In subsequent syllabus revisions, other teachers never took the initiative to introduce courses which challenged the dominant epistemic discourses. Gender studies were not considered important enough to merit a separate course till the CBCS (Choice Based Credit System) came up. Similarly, the anti-caste intellectuals always remained marginal in any discussion on political theories. Their world view also needs critical engagement. There are papers on Religion, Culture and Politics in India, Religious Nationalism, and Social Conservatism in India etc. A new course is being proposed on Interpreting Indian Classical Texts. The new syllabi prepared for CBCS contains the following readings. a) Culture and Politics in India; Frawley, David, ‘Textual Evidences in Vedas: Cultural and Historical Implications’, Indian Historical Research foundation, Ministry of HRD, Govt of India, Foundation Day lecture, March 27, 2015 b) Social Conservatism in India: Kalpatru Maharaj, Ramrajya aur Marxbad. Gita Press: Gorakhpur, 2016 c) In the course on Indian Strategic Thought-majority of the readings are on the Ramayana, Mahabharata, Gita and Kautilya. d) Discourses on Hindu Nationalism, M.S. Golwalkar, Bunch of Thoughts, Bangalore: Jagaran Prakashan & Suruchi Prakashan, Delhi. 1980. e) In the entire CBCS syllabi- the word Dalit is used 25 times8.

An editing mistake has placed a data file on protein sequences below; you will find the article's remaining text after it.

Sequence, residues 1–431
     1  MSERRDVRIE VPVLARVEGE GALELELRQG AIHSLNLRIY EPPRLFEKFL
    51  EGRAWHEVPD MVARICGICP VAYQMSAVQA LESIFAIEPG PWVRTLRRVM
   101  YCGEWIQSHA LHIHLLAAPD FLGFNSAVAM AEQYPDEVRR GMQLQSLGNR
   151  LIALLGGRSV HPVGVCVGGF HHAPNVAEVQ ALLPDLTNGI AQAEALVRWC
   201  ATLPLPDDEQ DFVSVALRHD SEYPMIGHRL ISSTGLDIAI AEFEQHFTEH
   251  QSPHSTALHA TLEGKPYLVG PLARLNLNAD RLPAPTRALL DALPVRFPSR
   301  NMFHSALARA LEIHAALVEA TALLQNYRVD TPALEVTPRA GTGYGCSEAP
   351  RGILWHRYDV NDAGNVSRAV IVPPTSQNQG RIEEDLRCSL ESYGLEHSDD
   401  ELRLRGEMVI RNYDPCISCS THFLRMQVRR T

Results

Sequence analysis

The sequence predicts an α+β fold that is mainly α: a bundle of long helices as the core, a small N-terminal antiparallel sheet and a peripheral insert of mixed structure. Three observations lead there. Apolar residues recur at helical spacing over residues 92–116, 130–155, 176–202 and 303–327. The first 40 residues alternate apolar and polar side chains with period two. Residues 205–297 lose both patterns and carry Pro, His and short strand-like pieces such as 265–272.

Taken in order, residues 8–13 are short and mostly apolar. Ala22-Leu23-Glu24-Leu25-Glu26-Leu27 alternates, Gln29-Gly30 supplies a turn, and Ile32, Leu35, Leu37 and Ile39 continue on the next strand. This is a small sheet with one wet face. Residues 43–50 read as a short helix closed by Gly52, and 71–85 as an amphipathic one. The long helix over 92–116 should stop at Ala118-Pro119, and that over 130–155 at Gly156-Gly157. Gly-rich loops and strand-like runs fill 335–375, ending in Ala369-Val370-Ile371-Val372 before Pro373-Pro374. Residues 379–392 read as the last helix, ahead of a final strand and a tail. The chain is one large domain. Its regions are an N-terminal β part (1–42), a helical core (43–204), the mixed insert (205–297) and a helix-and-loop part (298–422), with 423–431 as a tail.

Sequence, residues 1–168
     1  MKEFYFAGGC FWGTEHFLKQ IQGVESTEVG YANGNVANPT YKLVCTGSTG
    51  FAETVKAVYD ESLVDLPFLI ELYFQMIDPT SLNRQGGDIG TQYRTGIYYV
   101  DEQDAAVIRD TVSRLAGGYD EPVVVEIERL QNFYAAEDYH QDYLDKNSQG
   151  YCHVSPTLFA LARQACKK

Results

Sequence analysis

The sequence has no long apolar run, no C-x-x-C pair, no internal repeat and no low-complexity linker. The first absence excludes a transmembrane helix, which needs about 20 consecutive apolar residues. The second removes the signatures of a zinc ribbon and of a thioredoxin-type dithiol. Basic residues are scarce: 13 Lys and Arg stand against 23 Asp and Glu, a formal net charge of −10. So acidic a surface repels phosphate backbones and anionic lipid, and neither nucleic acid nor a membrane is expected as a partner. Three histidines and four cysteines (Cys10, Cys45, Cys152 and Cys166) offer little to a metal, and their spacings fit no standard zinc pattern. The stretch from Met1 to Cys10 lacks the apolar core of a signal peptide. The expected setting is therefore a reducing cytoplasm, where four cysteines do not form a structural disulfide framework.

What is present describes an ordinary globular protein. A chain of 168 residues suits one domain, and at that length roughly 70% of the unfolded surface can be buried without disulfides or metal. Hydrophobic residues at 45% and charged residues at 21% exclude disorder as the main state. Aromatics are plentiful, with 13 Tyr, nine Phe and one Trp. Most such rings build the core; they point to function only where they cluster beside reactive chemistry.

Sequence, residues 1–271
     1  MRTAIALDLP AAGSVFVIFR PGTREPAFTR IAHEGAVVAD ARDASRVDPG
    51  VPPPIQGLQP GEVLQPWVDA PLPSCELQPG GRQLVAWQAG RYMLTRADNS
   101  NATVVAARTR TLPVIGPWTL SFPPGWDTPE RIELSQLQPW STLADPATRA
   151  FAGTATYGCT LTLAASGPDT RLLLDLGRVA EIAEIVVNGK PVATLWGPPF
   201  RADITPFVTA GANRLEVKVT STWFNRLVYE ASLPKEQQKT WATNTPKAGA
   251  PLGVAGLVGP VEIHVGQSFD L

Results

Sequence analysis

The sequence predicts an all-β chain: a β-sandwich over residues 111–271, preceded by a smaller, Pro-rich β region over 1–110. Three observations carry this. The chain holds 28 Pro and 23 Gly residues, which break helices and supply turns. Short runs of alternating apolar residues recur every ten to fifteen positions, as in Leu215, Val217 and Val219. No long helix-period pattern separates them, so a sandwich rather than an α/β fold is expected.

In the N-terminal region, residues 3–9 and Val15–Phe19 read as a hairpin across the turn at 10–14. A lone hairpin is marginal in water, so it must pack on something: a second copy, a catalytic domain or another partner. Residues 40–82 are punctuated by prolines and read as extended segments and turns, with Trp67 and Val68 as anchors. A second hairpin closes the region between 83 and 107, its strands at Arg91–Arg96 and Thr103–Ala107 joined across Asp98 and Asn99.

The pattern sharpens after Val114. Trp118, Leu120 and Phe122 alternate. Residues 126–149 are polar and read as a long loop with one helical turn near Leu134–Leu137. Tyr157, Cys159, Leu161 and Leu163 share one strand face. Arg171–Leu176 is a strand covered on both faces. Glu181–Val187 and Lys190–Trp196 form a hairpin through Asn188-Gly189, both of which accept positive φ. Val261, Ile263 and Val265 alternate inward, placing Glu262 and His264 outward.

Now there are similar efforts in many Indian universities to acquaint the students with alternate epistemologies and readings/texts. Just to provide an overview-courses on Dalit–Bahujan ideology, Subaltern studies and the Literature of the oppressed, Ambedkar Studies, dalit literature of various regions etc are taught in different institutions-departments of Literature, Political Science, Sociology, History and Ambedkar Chairs of various universities like BHU, Allahabad, Goa, Tezpur, Himachal Pradesh, Shivaji, Babasaheb Ambedkar Marathwada University, Mysore, and Pune universities, Central Universities of Kashmir, Haryana and Gujarat, JMI and HCU. Needless to say, Kancha Illaiah’s books are part of the reading list and the word Dalit appears frequently. In Mysore University syllabi, Dalit word is mentioned in the course titles, sub titles and readings, a total of 122 times. Likewise in JMI, it appears 37 times, Marathwada University 24 times and Pune University 14 times. Even Columbia University has made Why I Am Not a Hindu part of the course on Modern South Asia. The English Dept in Delhi University has a Centre for Dalit Studies. JMI has a Centre for Dalit and Minority Studies. Unfortunately, the Centre for Ambedkar Studies is no more active in Hyderabad Central University. Maybe the powers that be considered it to be too socially revolutionary. Hence, it is surprising that only the Delhi University Standing Committee experts felt that to use the word ‘dalit’ is against the court’s judgment and reading Kancha Ilaiah’s works will transform students into being anti-Hindu. For these ‘experts’ courses on China, Black Radicalism and Feminism are ‘anti-national’ topics and no academic rationale are provided for the same. Ironically, the RSS BJP wishes to incorporate Dalits by dining with them but has a problem with their identity. The BJP SC Morcha President, Dr. Sanjay Paswan9 has published the Encyclopedia of Dalits in India (11 vols). Many scholars affiliated to the RSS-BJP have published books titled with the word ‘dalit’. Even PM Modi has used the word ‘dalit’ in his Independence Day address on August 15, 201810. This is clearly a case of doublespeak.